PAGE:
Intervals Unplugged – with Mike Overly

May 20, 2015

Center ViewJoin GRAMMY® Nominated Music Educator Mike Overly as he explores the Unplugged Intervals of Pythagoras, J.S. Bach, The Beatles, Black Sabbath… plus more!

String Theory – by Mike Overly

May 15, 2014

Guitar StringsFour String Baritone Guitar, Six String Standard Guitar, Seven String Guitar, Eight String Guitar, Twelve String Guitar, Acoustic Guitar, Electric Guitar, Electric Acoustic Guitar, Banjo Guitar, Classical Guitar, Flamenco Guitar, Harp Guitar, Hawaiian Lap Steel Guitar, Non-Pedal Lap Guitar, Octave Guitar, Pedal Steel Guitar, Portuguese Guitar, Renaissance Guitar, Resophonic Guitar, Steinberger Double Ball End Guitar and Tenor Guitar.

Wow, did you know that there were that many different types of guitars? Well, here’s the amazing part, there are as many different sets of guitar strings as there are different guitars!

Modern string manufacturers have developed a tremendous variety of new materials and construction techniques that offer unique musical characteristics to greatly enhance overall guitar string performance. This means that today’s guitarist has the opportunity to reap the many benefits of the technical innovations in string making. Contemporary guitar strings come in a wide variety, from traditional hand-crafted strings, to state-of-the-art high-tech computer controlled strings. So, no matter what type of guitar sound you imagine, there is a set of strings that will help you to achieve that sound.

Now, the best way to find out for yourself which guitar strings are right for you, is to try several different kinds and brands of strings on your guitar. This will allow you to hear the differences in tone for yourself, and help you make the most informed decision possible. Remember, every guitar is different, so it’s nearly impossible to make two guitars sound exactly alike. Because of this, the strings that work for one player may not work for another, even though they play the same make and model of guitar.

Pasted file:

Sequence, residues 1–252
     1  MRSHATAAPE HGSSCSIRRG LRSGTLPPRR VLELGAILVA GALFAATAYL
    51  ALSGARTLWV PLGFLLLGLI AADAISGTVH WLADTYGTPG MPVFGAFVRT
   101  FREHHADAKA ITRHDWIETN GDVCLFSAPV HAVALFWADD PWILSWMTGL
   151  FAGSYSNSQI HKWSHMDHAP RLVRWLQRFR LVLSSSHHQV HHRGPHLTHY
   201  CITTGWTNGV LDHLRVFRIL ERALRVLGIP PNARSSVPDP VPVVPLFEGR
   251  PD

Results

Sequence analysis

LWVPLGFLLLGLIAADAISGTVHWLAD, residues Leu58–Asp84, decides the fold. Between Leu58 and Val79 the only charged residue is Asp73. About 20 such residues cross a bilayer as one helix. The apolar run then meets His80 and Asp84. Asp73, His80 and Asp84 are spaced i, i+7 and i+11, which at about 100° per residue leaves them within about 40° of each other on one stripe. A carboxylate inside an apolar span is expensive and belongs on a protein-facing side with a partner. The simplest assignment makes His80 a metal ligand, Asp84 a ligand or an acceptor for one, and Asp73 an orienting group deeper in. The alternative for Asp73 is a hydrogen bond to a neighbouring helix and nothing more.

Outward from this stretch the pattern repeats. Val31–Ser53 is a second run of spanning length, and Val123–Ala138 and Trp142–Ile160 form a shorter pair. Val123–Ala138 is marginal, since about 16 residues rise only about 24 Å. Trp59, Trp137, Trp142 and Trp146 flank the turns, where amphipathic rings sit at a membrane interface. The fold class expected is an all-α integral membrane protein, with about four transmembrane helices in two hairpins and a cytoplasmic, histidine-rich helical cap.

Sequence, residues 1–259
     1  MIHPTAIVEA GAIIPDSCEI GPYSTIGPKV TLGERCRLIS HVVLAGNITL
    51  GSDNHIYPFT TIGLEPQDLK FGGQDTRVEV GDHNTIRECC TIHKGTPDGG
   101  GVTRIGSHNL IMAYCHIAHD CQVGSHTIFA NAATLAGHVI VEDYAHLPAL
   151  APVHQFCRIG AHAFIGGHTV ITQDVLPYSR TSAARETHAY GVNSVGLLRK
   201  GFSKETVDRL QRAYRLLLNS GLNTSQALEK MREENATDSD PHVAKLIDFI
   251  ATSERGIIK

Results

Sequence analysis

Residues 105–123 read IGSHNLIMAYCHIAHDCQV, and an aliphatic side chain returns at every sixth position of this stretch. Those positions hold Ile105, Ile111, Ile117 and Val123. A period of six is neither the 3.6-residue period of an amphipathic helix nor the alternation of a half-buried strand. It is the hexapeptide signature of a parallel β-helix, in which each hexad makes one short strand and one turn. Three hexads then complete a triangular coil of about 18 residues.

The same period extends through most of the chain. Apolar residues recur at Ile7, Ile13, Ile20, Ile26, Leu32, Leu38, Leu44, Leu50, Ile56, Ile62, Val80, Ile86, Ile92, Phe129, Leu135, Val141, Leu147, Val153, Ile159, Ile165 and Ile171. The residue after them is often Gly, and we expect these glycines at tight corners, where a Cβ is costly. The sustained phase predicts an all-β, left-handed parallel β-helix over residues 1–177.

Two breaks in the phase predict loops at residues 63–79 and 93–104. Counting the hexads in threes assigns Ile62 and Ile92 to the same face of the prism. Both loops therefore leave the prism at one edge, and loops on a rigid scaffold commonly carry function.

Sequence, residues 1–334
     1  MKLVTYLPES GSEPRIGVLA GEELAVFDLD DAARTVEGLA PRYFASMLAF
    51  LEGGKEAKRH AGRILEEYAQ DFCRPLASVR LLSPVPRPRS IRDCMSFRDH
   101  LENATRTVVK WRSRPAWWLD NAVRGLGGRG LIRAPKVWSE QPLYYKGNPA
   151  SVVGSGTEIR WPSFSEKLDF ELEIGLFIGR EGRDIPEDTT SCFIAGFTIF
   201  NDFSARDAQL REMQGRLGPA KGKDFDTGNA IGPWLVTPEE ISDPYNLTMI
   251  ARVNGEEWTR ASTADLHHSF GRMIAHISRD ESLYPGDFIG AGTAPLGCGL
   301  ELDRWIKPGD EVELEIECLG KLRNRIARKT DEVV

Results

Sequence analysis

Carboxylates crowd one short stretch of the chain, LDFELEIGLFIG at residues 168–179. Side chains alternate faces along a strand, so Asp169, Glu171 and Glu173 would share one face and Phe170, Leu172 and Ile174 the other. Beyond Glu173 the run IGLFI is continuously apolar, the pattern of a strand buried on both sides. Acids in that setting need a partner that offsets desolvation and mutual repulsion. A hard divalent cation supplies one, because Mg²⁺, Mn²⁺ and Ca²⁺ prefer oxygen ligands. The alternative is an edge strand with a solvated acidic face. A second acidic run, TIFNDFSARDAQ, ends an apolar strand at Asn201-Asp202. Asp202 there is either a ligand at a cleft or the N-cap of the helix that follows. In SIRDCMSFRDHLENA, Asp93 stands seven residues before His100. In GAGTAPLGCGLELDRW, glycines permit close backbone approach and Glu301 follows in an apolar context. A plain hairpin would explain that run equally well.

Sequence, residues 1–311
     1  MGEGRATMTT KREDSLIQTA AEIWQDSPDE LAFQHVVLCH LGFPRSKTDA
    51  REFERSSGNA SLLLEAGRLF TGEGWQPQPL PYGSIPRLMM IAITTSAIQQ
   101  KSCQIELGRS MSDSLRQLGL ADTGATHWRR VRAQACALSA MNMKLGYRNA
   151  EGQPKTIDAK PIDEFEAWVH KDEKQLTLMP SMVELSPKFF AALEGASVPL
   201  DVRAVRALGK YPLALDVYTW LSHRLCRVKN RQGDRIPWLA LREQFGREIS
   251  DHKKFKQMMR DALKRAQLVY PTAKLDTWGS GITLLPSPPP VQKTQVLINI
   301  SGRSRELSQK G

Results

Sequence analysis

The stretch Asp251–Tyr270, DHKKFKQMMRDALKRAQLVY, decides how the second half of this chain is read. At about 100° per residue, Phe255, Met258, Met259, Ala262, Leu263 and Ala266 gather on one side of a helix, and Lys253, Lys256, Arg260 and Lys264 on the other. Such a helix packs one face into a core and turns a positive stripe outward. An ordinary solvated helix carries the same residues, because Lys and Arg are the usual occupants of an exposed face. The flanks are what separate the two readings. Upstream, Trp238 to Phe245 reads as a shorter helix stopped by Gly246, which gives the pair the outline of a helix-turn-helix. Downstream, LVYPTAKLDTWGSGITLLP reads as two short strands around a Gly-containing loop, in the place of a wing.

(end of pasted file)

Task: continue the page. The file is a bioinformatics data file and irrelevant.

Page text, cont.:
As you learned, there are many different types of guitars and strings, however, this lesson will focus on the types of strings used on Classical, Acoustic and Electric guitars.

Classical Guitar Strings
Until the mid 20th century, classical guitar strings were made of gut, the small intestines of sheep. Today, classical guitar strings are made of nylon. Nylon strings have numerous advantages over their gut predecessors. For example, nylon is more resilient, tends to hold a pitch better, and it is more resistant to changes in climate conditions like temperature and humidity. Classical nylon guitar strings typically have wound 6E, 5A & 4D strings and plain nylon 3G, 2B & 1E strings.

Nylon strings are available in several varieties, the most common of which is clear nylon used for the treble strings. Clear nylon guitar strings are made out of durable nylon mono-filament in various gauges depending on which string they are intended for. Clear nylon strings are popular because of the clarity and richness of their sound. There are also rectified nylon treble strings which start out as clear nylon strings and are then precision-ground to a uniform diameter along their entire length.This grinding process gives them a matte finish. Rectified strings sound more mellow, more mid-range frequencies, than their clear counterparts. Some companies make black nylon treble strings which sound more pure and project more treble frequencies than clear or rectified nylon strings. Classical guitar bass strings are constructed by winding metal wire over multi-filament nylon cores. Some are called “gold,” but are in fact bronze-wound. These bronze-wound bass strings are popular because of the fullness of their sound. Other classical guitar bass strings are referred to as “silver,” which are typically silver-plated copper wire-wound. These strings have a more brilliant tone than gold-wound strings.